Burger King's operational improvements start paying off

The company’s U.S. same-store sales improved last quarter, driven by its new line of chicken sandwiches and a focus on the Whopper.
Burger King is working to improve operations in its U.S. business. That focus is beginning to pay dividends. / Photograph: Shutterstock.

Burger King’s U.S. same-store sales rose 4% in the third quarter, parent company Restaurant Brands International said on Thursday.

It was the best result for the struggling business since the second quarter of last year and came despite a rapidly evolving restaurant environment. It also continued to narrow the gap between Burger King and its fast-food burger rivals.

The company said that sales grew thanks to its renewed emphasis on its Whopper and higher prices.

Some of it also came from the Miami-based chain’s Royal Crispy Chicken Sandwich line, which the company introduced in August.

That sandwich, Restaurant Brands International CEO Jose Cil said on Thursday, is a demonstration of the method in which Burger King adds new products. The company focuses on “high-quality menu innovation” with core products that “ensure consistent operational execution with minimal disruption.”

The sandwich, he said, “strengthens a core product category, and is a strong, well-tested product.”

“We’re very encouraged by the results,” Cil said. “We’re getting strong volumes with a lot of repeat guests.”

Burger King’s Royal Crispy Chicken Sandwich line in many respects is a microcosm of the changes the brand has been making this year to focus on operations. And it replaces a sandwich that symbolized some of its challenges.

In 2021, Burger King introduced a hand breaded Ch’King chicken sandwich that was well reviewed. The sandwich was designed to compete with a huge number of upgraded, fast-food chicken sandwiches and it did well in tests. Yet it performed poorly overall, leading to weak sales and ultimately the overhaul of the burger chain’s management team.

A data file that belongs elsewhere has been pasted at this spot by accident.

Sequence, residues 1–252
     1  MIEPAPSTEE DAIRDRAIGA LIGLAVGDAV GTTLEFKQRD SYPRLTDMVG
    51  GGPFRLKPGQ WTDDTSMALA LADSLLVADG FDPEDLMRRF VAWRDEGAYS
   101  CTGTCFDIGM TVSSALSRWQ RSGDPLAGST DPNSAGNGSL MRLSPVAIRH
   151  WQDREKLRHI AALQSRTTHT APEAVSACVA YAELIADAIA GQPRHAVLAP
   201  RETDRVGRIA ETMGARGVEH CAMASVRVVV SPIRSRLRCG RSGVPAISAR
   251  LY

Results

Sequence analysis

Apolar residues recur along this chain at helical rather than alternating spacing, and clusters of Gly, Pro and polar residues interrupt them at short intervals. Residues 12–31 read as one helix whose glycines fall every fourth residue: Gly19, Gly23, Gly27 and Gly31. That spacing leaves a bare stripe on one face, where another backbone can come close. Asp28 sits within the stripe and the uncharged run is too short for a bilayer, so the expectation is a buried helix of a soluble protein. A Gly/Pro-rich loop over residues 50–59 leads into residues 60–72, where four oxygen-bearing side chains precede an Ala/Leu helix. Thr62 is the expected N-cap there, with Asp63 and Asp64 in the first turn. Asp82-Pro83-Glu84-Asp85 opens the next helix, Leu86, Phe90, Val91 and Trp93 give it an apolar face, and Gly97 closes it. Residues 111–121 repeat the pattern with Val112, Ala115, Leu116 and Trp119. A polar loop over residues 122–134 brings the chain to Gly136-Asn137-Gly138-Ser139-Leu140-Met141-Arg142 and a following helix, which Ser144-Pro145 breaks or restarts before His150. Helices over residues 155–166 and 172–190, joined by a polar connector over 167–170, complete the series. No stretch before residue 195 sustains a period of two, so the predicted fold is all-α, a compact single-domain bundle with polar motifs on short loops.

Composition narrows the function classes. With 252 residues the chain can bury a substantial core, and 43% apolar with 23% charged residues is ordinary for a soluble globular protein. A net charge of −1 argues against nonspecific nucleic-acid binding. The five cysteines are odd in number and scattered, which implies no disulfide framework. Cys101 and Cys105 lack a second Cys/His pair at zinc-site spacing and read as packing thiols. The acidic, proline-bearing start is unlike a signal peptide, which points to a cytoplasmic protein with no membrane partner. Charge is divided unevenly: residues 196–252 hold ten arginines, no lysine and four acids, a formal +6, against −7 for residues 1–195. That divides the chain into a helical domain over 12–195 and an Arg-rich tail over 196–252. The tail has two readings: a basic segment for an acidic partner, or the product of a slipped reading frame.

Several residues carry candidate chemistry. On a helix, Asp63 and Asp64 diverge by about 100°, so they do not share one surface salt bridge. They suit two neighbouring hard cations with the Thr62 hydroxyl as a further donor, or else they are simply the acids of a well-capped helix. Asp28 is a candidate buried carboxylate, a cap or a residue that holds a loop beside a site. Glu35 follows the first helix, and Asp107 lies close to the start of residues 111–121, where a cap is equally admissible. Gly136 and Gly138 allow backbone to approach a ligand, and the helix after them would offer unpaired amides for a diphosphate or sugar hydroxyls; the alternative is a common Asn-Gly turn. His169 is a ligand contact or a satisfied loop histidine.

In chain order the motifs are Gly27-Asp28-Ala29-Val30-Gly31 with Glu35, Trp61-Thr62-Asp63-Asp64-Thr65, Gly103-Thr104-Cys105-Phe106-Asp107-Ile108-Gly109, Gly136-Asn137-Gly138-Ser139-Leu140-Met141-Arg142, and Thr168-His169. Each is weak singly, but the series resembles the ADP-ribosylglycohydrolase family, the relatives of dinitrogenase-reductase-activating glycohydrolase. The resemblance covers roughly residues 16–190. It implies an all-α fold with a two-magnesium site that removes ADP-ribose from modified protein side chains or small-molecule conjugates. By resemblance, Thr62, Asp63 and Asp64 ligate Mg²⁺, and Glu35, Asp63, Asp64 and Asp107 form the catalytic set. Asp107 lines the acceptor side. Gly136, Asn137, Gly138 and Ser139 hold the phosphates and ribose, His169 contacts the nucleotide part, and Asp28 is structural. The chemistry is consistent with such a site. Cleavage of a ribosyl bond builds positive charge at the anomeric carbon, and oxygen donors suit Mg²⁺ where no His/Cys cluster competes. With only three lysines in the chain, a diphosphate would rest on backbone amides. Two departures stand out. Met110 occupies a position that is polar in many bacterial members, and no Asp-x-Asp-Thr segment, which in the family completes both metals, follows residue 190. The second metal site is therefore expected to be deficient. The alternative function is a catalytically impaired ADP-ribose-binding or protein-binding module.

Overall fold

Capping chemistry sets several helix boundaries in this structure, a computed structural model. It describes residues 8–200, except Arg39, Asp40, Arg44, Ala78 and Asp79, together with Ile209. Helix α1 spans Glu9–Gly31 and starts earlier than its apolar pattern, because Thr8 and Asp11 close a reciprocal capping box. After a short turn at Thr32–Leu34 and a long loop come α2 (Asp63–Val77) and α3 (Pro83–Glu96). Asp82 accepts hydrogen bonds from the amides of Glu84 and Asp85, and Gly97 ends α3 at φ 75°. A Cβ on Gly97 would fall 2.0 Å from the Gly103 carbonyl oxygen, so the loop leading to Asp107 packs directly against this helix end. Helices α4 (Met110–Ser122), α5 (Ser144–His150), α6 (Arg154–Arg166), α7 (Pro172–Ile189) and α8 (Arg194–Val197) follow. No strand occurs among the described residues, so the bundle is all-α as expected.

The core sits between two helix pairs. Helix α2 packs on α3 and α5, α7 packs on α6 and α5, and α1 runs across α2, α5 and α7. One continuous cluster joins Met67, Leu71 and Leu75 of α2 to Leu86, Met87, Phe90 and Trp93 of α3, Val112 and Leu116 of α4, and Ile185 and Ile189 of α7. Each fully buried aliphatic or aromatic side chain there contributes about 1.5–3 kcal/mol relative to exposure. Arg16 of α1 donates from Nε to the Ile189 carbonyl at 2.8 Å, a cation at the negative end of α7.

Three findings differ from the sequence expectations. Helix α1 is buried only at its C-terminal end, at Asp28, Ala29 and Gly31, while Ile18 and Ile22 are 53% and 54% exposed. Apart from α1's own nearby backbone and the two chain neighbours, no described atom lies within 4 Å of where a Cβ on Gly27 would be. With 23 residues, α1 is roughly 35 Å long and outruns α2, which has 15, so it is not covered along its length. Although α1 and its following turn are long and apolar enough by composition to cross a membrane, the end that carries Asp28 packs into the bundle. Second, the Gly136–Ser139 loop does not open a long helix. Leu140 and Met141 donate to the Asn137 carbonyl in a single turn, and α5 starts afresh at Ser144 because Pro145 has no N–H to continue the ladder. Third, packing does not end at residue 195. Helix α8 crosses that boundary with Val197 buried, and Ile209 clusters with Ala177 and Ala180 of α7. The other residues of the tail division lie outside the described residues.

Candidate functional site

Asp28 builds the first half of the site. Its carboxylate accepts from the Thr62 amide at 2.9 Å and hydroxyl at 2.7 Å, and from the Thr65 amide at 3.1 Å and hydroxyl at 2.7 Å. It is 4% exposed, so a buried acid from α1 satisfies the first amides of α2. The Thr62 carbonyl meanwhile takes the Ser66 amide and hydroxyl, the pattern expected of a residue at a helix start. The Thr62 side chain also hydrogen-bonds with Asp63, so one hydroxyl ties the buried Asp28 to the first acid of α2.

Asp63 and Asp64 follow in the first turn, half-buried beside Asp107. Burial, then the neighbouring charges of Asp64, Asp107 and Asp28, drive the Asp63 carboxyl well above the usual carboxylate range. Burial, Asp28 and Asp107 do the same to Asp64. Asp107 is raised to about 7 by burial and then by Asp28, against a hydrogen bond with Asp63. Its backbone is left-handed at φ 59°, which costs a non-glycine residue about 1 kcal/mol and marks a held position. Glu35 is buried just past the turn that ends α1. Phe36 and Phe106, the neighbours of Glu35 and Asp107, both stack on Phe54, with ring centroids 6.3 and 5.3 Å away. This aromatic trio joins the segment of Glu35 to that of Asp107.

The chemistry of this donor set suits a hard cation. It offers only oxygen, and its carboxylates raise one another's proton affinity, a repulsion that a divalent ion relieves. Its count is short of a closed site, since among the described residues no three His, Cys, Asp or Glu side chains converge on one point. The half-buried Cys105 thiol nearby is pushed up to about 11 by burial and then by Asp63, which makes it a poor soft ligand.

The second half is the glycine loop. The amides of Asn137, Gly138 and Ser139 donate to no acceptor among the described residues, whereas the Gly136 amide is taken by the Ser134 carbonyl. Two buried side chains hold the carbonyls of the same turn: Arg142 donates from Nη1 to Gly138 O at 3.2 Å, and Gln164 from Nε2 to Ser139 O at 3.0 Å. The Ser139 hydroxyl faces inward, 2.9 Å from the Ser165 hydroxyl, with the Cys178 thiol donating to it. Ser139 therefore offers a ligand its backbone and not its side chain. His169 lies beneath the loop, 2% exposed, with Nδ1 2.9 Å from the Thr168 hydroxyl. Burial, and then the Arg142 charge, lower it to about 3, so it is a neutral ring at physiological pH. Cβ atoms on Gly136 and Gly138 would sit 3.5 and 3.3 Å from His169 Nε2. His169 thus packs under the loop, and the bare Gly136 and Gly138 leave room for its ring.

Parent Restaurant Brands International has since announced plans to invest $400 million in marketing and remodels as part of a broad brand turnaround.

The Ch’King was more difficult from an operations standpoint, which may have played a role in its poor sales. Burger King has since hired Tom Curtis to head North American operations, and one of his primary focuses has been on operations.

The new line of sandwiches was designed to be easier for franchisees to execute.

While Burger King is spending at least $120 million on marketing and more than that on remodels, its focus on improving store operations is considered key to its future. The brand has hired more field staff. The company will also concentrate more of its financial assistance on remodels to better operators and stores where a remodel will generate the most return.

“It’s foundational to the plan,” Cil said in an interview. “To get where we think we need to get to, topline growth, profitability, unit growth, system sales growth, the foundation has to be engaged franchisees, with great looking restaurants.”

In addition, he added, operations involves a lot more these days. “The idea of operations has evolved tremendously,” Cil said. “It’s not just what we used to think about in terms of operations. Digital is becoming more important. There are different service modes. All of this is really foundational to the success of Burger King.”

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